Yet, did the US offer any food aid? No. They were hoping to starve Mao into submission. Other countries, such as Canada, did help out and the nation was saved.
The Great Proletarian Cultural Revolution of 1966-1976 has been portrayed as Mao just going after his enemies. This event is never explained in schools, or the hundreds of anti-cultural revolution books that have been so trendy in the late 20th and 21st century.
Right now it is very popular to write and sell books that slam the Cultural Revolution. The Kasama Project listed some of these books, some time ago; The Red Guards' Path to Violence: Political, Educational, and Psychological Factors, by Jing Lin; Red China Blues: My Long March From Mao to Now, by Jan Wong; and Blood Red Sunset: A Memoir of the Chinese Cultural Revolution, by Ma Bo. It seems such books were the only modern ones to be found in book store shelves over the last few decades.

The Cultural Revolution was an attempt to fight against class-ism. Over all, it was not a success. But I look at it as I look at the civil rights movement in the US. People were attacked by fire hoses in the winter; dogs were released to attack peaceful demonstrators. Some civil rights workers were murdered.
And most of all, there were those southern white folks who opposed civil rights because they would lose privileges they were used to having, but would have them no longer.
I see the Cultural Revolution a lot as I see our own Civil Rights Movement. One of the main goals of the campaign was to empower the powerless. Part of that was to try and get the different classes to bond. This was done by sending educated intellectuals and people from the military to isolated farms where people did hard labour for a living. The idea was for people from different classes to bond. They were supposed to learn from each other. It was no different than trying to integrate people of different races. Many people, who complain about it, were inconvenienced because they had to interrupt their careers or college studies and go spend time with peasants who have no choice but to do hard manual labour their whole lives. Many of such peasants would probably have loved to go to college. But at that time it wasn’t possible for many of them to do that. Many of the people who complained about going to the country side are no different from the US Southern Whites who just didn’t want their privileged lives interrupted.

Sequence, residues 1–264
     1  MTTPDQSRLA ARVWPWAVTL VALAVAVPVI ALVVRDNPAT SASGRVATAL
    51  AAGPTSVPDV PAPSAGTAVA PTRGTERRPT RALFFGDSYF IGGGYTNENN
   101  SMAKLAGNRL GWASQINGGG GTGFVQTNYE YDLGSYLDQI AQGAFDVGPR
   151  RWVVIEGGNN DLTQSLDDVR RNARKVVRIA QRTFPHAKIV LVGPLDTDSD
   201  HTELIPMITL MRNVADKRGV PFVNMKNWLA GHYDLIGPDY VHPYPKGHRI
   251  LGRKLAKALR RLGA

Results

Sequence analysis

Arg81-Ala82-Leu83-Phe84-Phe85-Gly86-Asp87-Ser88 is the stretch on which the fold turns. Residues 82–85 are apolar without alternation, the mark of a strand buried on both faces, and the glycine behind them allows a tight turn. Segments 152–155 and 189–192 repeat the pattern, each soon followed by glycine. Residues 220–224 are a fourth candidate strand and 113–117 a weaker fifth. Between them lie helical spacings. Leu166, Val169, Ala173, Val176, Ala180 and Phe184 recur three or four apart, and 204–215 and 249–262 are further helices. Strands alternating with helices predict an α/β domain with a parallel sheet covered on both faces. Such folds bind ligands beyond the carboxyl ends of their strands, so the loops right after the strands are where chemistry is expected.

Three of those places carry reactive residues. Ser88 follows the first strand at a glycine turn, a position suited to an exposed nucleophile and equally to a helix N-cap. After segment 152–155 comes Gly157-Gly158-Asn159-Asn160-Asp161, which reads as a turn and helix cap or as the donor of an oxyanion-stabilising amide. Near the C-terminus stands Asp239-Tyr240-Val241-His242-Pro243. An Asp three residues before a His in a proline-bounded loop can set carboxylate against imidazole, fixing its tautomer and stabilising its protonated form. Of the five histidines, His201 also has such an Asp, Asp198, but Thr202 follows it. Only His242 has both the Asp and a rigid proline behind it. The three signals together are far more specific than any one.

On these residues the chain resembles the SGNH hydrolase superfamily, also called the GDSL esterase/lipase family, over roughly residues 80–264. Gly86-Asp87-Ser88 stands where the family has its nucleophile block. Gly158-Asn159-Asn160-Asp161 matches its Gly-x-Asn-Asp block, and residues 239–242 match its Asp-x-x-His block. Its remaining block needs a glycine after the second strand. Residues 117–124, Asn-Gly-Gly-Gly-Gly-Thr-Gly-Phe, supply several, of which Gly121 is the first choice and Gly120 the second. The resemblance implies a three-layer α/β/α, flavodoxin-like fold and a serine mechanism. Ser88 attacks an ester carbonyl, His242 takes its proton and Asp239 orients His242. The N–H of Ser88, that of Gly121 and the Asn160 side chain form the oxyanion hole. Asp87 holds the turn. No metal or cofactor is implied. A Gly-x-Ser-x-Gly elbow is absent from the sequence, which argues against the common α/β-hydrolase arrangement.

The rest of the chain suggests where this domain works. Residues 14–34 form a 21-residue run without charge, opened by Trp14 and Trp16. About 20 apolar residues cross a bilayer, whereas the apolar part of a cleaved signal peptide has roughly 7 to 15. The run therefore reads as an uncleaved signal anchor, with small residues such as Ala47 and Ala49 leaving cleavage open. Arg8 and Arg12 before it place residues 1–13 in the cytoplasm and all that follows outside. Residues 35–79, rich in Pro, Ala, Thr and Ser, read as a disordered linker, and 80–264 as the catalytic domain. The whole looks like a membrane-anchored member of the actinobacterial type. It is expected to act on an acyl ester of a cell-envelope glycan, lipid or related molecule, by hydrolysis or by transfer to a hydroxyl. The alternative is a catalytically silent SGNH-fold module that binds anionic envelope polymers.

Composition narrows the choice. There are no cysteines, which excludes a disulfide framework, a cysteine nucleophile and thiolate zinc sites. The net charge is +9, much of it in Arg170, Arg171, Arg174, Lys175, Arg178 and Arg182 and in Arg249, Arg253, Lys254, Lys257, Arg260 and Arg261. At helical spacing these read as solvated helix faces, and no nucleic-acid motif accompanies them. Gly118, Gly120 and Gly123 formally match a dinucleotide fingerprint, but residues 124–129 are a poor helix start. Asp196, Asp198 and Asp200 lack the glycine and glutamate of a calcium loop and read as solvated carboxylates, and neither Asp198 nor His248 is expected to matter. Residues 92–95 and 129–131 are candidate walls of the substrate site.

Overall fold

There were other aspects of the Cultural Revolution, such as promoting art, operas and films that focused on common people and common soldiers rather than people of leadership positions and war stories starring generals. It was a complicated campaign and overall, it really didn’t work. Mistakes were made, but reading the anti-Cultural Revolution books flooding our book store shelves will not explain any of the actual causes or aims of that campaign. They are anti-Mao propaganda pure and simple.
Maoism today really doesn’t depend so much on Mao as a leader. People read his theories about politics and political power and it makes sense to them. It is a political philosophy.

We are still a minority here, but I think that a revolutionary situation is coming to the US. Besides our own groups there is the Occupy Movement, the black bloc, anarchists and other Marxist tendencies, all wanting serious change in this country. The most important thing is not to impose a philosophy I really believe in on others, but to obtain real change in this country. If it means working with other groups, with other ideas, then so be it. We are living in desperate times and such times call for desperate measures.